This spring, it was not only air and noise pollution that have been drastically reduced. Street billboards went silent for a while! Advertising billboards were, almost exclusively serving health instructions, promoting proper social conduct and educational purposes.

As I was not having to fight against external voices, (phrases, slogans) adding noise to my mind, I heard my own thoughts and my eyes strolled freely. I walked the city streets without having the thought of a fast and comfy car popping up of nowhere, or a super bling-bling wrist watch, or some lace underwear posing on the perfect silhouette of a young girl’s fleeting beauty staring with apathy in her expression, or any other random (unwelcome and useless) stuff cropping up into my most personal and intimate space: my mind!

In the Capital Green Dream, the value of street billboards is acknowledged and accounted for as the private spaces of people’s minds. For that reason, their usage is the concern and choice of citizens themselves. One can easily quantify the value of these spaces by just looking at how much private companies are willing to invest to doodle in their brain washing messages. In a Capital Green Dream, those messages, if any, are geared towards social and sustainability goals such as education, art, culture and actual technical information.

The Asphalt

Branding is a very powerful tool. Branding a city as « green » is no exception. In fact, it is partly through a thoughtful communication plan, that a European Green Capital will achieve « increased international media coverage, a boost in local pride and increased foreign investment » which are some of the announced benefits of winning this award. Lisbon council (CML) chose the advertising agency Wunderman Thompson to take up the 75k allocated funds to brand its EU
Green Capital Award. Alongside the slogan « Choose to evolve » (« Escolhe evoluir »), the agency developed a brand identity using the city name, whereby each of its letters (L-I-S-B-O-A) seem to grow from the earth upwards, mimicking the organic growth of plants and trees.

In cities a lot of the natural world is literally trapped below ground. Trees and weeds are often seen trying to break and pierce the pavements and the asphalt. To make sure « nature » does not interfere with the things we like to control, humans use all kinds of artifices. One of those artifices is the obsession with paving the ground where we dwell. To keep covering the earth with a composite made of petroleum, is to suffocate earth and its natural order.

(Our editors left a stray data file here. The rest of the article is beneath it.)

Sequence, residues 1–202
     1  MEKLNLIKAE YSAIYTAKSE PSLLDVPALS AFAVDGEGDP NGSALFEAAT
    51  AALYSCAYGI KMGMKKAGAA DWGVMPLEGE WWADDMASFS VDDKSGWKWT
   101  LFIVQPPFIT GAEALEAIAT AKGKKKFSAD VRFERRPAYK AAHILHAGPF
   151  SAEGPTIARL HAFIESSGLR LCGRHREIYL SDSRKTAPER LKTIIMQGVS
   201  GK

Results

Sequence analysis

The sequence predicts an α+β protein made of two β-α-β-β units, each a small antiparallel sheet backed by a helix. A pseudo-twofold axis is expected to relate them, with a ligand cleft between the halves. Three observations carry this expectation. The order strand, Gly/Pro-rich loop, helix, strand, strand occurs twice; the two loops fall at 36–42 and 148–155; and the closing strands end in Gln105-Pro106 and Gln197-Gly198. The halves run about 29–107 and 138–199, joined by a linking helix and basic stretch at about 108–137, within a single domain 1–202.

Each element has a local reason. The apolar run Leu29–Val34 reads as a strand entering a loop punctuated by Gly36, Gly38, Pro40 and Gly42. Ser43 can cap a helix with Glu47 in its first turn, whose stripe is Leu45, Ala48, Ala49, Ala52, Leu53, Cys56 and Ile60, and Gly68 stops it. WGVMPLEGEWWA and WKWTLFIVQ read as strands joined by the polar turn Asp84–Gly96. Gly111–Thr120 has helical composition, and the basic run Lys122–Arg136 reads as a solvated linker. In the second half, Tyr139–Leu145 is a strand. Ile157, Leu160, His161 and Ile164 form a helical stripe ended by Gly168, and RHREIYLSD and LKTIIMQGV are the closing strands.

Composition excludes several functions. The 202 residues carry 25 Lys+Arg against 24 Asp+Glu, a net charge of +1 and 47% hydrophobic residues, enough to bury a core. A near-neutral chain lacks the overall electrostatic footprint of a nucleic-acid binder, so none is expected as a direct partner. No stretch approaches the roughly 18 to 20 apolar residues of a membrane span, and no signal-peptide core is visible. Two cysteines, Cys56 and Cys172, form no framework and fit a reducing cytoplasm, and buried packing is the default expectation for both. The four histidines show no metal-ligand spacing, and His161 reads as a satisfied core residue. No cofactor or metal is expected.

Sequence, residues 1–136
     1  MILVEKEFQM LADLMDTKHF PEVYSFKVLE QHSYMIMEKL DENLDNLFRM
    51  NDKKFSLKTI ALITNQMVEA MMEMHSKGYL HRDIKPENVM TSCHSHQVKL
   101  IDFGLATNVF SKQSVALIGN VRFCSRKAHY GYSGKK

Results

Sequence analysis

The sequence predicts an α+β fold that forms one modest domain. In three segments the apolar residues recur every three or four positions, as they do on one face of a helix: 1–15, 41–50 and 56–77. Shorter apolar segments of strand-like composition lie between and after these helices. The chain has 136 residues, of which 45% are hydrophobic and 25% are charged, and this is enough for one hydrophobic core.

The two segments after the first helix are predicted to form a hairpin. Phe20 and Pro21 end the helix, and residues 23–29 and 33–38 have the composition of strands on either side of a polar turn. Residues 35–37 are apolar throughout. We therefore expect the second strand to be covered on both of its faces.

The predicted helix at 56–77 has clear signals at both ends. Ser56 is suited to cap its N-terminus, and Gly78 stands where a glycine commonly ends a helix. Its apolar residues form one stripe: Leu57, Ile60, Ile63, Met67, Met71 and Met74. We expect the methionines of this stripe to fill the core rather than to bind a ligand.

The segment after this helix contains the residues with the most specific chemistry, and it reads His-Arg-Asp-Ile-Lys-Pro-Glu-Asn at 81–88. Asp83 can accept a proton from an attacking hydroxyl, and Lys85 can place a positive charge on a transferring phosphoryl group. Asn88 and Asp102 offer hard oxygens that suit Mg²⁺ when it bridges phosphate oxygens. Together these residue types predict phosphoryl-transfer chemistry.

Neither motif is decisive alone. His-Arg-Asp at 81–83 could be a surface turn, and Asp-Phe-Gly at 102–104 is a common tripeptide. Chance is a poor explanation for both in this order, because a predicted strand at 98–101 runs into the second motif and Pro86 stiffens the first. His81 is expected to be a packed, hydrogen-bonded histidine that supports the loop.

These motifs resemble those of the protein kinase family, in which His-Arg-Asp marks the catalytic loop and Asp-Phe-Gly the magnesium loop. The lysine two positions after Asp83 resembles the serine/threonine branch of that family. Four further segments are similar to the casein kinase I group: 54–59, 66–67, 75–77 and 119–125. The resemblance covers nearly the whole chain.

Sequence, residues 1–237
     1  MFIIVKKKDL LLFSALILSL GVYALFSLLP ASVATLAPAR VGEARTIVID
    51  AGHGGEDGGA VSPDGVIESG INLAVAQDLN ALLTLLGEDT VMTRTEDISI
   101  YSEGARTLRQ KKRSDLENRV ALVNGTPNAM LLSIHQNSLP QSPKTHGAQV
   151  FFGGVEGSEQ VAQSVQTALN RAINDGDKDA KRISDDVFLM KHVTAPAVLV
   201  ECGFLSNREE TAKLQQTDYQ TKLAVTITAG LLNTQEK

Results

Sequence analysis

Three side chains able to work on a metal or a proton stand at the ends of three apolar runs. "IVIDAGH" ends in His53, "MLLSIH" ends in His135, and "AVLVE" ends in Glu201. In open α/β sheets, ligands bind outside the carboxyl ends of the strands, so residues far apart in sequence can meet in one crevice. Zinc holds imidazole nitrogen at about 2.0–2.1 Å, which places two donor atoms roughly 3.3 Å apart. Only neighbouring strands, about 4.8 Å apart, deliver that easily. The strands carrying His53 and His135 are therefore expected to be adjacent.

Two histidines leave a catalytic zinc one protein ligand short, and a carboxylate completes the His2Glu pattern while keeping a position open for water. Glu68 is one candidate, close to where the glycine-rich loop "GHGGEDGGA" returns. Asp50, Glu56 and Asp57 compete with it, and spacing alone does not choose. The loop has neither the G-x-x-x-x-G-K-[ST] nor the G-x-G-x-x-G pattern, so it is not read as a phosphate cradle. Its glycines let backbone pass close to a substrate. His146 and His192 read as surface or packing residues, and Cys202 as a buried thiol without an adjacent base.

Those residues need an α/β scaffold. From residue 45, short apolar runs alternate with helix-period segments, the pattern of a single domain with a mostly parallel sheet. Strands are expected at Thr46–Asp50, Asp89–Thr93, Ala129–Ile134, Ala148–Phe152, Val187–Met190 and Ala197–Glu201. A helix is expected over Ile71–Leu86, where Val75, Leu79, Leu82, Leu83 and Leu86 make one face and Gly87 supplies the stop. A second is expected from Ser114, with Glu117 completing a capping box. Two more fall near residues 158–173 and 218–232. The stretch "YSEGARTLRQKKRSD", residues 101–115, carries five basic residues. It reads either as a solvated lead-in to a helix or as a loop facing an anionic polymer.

A Capital Green Dream does not belittle this issue and tries to return breathing capacity to the earth below the city. The Portuguese pavement (“calçada portuguesa”) is a lesser evil, although slippery and often uncomfortable, it is a more permeable surface than cement or asphalt.

Escolhe Evoluir

In the past decade, the city center of Lisbon has become like a massive resort village with all kinds of exclusive dedicated services for tourists. It’s all hopelessly empty now, at the moment when people start coming out of their houses at the end of a two-month imposed confinement period. Souvenir shops filled up with a parody of traditional objects, any type of object with the Portuguese flag on it (Made in China), food experiments and deviations for a wow effect and a laugh, all of it with extraordinary prices by any Portuguese standard. Whole neighborhoods were transformed to feed on a loop system with no exit, whereby consumer-hungry tourists can happily spend their time and money and overflow their euphoria with fake-traditional products.

Today, it’s all closed and I can’t help thinking how useful it would have been if all this work force, this human intelligence, was now working towards thinking and creating a more sustainable city and planet instead of being in agony at home not knowing how to pay the bills or feed a child. As the government calls for resilience and asks for solidarity from its people in these hard times, it might be worth asking: what is everyone’s Capital Green Dream?

For me, the Capital Green Dream builds its economy on solid and real needs: be it helping other humans, or creating and inventing sustainable solutions for social, urban, ecological, health and educational issues; because those needs are urgent – rather than made-up by an industry to serve corporate profit – and they are endless and require we constantly adapt, assess, evolve.

Filipa Rosa
Graphic Designer